Saindhavi ragam is not much heard in concerts, as there are no prominent compositions, though many are composed in this raga. There is no much scope for any alapana, this can be sung towards the end of concerts as filler. This raga is a janya of mela (22) ragam Kharaharapriya, very pleasing to listen. The arohanam and avarohanam both begin in Dhaivatham; while the arohanam ends in Nishadam, avarohanam begins in Dhaivatham. This particular property of being limited to be within one octave may be the reason for its non-popularity. Still, the vakra prayogas in the lower notes, NDN makes it more beautiful. The Ragaswaroopa can be seen as:
N2 D2 N2 S R2 G2 M1 P D2 N2 // D2 P M1 G2 R2 S N2 D2 N2 S
As per Sangeetha Sampradaya Pradarshini (SSP), the raga lakshana is given by Venkatamakhi in the sloka:
"saindhavi sagraha purna arohe tu dhavakrita |"
Saindhavi is described as a sampoorna raga, with D2 in vakra in arohanam, as:
S R2 G2 M1 P N2 D2 N2 S // S N2 D2 P M1 G2 R2 S
(As per the currently followed configuration, there is no sanchara below the mandra sthayi Dhaivata and above madhya sthayi Nishada. However, Venkatamakhi has traversed in two sthayis in the lakshana geetham in this raga).
Ragapravaham by D.Pattammal shows eight other configurations also, along with the present one, under mela (22); one of these, same as the janaka raga itself.
N2 D2 N2 S R2 G2 M1 P N2 // D2 P M1 G2 R2 S
N2 D2 N2 S R2 G2 M1 P D2 N2 S // S N2 D2 P M1 G2 R2 S N2 D2 N2 S
S G2 M1 P D2 N2 S // S N2 D2 P M1 G2 R2 S
N2 D2 N2 S R2 G2 M1 P D2 N2 // D2 P M1 G2 R2 S N2 D2 N2 S (followed one)
N2 D2 N2 S R2 G2 M1 // P M1 G2 R2 S N2 D2 N2 S
N2 S R2 G2 M2 P D2 N2 // D2 P M1 G2 R2 S N2 D2
N2 D2 N2 S R2 G2 M1 P // M1 G2 R2 S N2 D2 N2 S
S R2 G2 M1 P D2 N2 S // S N2 D2 P M1 G2 R2 S
S R2 G2 M1 P N2 D2 N2 S // S N2 D2 P M1 G2 S
The name “Saindhavi” means belonging to the Indus (called Sindhu in Indian languages) region. Hence, a Ragini that came from the Indus Valley is Saindhavi. Etymologically, it means a woman from the Indus Valley. By extension, it can also mean an Indian woman, because the term India (or Hind) itself comes from Indus or Sindhu. The “S” becomes “H” in Arabic and Persian. Thus, Arabs and Persians began to call Sindhu as Hind and by extension, the land lying around and beyond Indus as also Hind. Indus and India are the European derivations from Hind. Thus, Arab/Persian rendition of the term “Saindhavi” would be “Hindavi” i.e., “an Indian.” In today’s context, Saindhavi can also mean a woman from Sindh, (though we are not associated with Sindh). Taking another view, “Sindhu” means a large body of water, or the sea (hence, this name was applied to a large river like the Indus). Thus, “Saindhavi” can also mean a woman from the sea-shore, like the relatively calmer Arabian Sea, which makes the beaches on the western coastline of India so very enjoyable. Metaphorically thus, Saindhavi can also mean “Mermaid.” In any case, the derivation from the Indus (Sindhu) regions seem more logical.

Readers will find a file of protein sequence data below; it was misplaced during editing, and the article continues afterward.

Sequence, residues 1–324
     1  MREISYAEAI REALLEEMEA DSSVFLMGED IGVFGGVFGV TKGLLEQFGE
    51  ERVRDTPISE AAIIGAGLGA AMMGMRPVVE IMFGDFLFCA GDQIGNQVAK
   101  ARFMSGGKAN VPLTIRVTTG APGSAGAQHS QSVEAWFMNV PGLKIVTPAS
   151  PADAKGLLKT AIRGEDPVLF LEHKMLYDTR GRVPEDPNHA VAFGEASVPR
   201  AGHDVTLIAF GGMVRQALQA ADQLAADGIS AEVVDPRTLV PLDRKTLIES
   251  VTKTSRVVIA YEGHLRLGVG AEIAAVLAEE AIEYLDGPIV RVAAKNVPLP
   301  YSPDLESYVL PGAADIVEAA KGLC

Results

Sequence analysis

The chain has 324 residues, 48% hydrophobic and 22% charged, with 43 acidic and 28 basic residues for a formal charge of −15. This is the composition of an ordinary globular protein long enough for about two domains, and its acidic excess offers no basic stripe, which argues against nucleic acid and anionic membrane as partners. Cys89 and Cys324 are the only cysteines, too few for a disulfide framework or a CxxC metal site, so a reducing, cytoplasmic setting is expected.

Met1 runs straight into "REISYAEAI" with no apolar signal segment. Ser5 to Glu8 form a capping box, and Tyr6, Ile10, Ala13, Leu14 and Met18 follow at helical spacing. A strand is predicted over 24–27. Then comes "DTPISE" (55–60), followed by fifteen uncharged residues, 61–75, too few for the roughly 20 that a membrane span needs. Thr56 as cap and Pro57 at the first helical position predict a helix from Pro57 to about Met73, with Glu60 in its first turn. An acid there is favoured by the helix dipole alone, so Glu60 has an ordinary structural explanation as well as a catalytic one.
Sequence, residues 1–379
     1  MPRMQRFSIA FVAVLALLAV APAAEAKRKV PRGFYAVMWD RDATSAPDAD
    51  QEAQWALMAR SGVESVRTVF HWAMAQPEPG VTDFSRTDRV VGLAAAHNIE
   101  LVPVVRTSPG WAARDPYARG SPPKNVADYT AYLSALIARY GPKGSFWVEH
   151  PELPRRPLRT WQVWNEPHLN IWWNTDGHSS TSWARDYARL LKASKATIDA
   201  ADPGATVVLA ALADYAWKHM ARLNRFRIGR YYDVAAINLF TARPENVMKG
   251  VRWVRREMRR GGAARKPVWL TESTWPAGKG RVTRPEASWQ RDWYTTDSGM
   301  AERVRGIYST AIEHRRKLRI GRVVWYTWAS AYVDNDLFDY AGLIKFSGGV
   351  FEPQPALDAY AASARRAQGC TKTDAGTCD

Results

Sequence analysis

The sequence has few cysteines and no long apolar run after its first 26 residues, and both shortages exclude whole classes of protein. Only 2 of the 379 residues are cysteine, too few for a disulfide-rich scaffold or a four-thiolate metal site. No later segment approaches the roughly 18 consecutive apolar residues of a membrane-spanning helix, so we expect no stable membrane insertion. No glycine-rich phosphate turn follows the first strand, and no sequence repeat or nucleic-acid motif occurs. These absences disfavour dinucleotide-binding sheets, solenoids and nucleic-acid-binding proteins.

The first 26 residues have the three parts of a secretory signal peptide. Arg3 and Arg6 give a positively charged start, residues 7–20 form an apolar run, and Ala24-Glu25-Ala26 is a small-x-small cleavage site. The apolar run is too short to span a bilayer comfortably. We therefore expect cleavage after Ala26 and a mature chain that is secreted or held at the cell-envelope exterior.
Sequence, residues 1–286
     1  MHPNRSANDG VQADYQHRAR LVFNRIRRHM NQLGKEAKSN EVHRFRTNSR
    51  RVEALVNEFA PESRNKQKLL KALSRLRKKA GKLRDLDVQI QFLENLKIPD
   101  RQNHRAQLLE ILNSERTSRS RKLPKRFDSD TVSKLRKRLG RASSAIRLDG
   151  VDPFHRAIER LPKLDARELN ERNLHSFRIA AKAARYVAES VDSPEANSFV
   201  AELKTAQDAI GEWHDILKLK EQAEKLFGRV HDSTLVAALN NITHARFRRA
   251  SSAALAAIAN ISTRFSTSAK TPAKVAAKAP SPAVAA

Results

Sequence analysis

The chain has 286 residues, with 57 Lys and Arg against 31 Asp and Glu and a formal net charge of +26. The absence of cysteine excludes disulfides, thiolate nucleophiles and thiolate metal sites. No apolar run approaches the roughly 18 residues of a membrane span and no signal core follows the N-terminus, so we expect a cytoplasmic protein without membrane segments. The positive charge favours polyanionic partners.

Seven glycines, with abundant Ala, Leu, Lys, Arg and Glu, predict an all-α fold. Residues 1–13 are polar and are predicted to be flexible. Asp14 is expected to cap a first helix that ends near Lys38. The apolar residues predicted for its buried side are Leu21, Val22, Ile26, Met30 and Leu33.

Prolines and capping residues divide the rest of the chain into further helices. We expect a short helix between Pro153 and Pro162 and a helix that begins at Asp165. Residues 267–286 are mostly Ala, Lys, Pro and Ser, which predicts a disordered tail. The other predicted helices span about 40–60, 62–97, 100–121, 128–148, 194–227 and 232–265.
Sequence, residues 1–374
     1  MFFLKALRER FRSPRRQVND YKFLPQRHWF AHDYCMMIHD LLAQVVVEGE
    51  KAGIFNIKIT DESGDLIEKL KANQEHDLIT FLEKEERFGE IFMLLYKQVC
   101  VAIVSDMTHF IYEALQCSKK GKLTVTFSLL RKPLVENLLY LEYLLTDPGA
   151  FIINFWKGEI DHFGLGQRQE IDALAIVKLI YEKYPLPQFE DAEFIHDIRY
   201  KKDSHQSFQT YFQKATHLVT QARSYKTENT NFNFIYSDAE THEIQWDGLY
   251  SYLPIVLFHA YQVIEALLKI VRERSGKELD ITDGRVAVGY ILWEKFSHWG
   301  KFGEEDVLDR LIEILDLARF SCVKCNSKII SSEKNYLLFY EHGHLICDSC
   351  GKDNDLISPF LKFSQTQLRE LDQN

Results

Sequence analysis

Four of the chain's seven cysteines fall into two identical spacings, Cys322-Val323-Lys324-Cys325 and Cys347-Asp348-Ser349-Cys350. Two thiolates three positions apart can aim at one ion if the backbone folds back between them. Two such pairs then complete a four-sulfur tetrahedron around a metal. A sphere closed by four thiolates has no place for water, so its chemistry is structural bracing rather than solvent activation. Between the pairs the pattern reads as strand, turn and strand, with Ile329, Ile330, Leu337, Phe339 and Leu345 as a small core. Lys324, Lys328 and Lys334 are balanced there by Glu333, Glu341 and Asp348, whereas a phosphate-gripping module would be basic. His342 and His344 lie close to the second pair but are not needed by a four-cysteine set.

ITu sAhasamulu yala napai – Swathi Thirunal
Pahimam anisham – Swathi Thirunal
Sumukhi ninnul tapa – Swathi Thirunal
Marakataman i – Dr. Muthaiah Bhagavathar
PashupatE namOstutE – Dr. Muthaiah Bhagavathar
SaindhavI rAgapriyE - Muthuswami Dikshithar
ini nAn irukkalAmO thAyE - Arunachalakavi
EzhaikkirankavoNNAthA - Vedanayakam Pillai
Singam irukkiRAn - Suddhananda Bharathi
Emanthune Muddu balamani - Dharmapuri Subbarayar. (usually sung in kaapi)
Dondara videmutO – Kshetrayya
Anandam Anandam - (sung by Charulatha Mani)
Are bhuvanamohana roopa (gitam) – Venkatamakhi
The most commonly heard song in this list is the ‘Javali’, “Itu sahasamulu’ by Maharaja Swathithirunal. (An article about Javalis and Padams had been published sometime back, just to differentiate these; Javalis are shringara-oriented, that is love-poems, mostly dealing with unfaithful nayakas (infidel male-lover) and in madhyama or vilamba kaala (medium and slow tempo). Many of them are openly erotic with some even using obscene language, accounting for their gradual disappearance from concert platforms as musicians probably felt squeamish about rendering them). In this composition, Lord Sree Padmanabha is considered the ‘Nayaka’. Also, the way it is usually sung is ‘Itu sAhasamulu yAla nA pai’, whereas, Prince Rama Varma, the descendant of the Maharaja is of opinion that it should be only ‘Ela nA pai’ and the other is only a colloquial form Telugu.
Now, let us listen to a very pleasing rendition of this composition by mahavidushis. C.Saroja and C.Lalitha (Bombay sisters).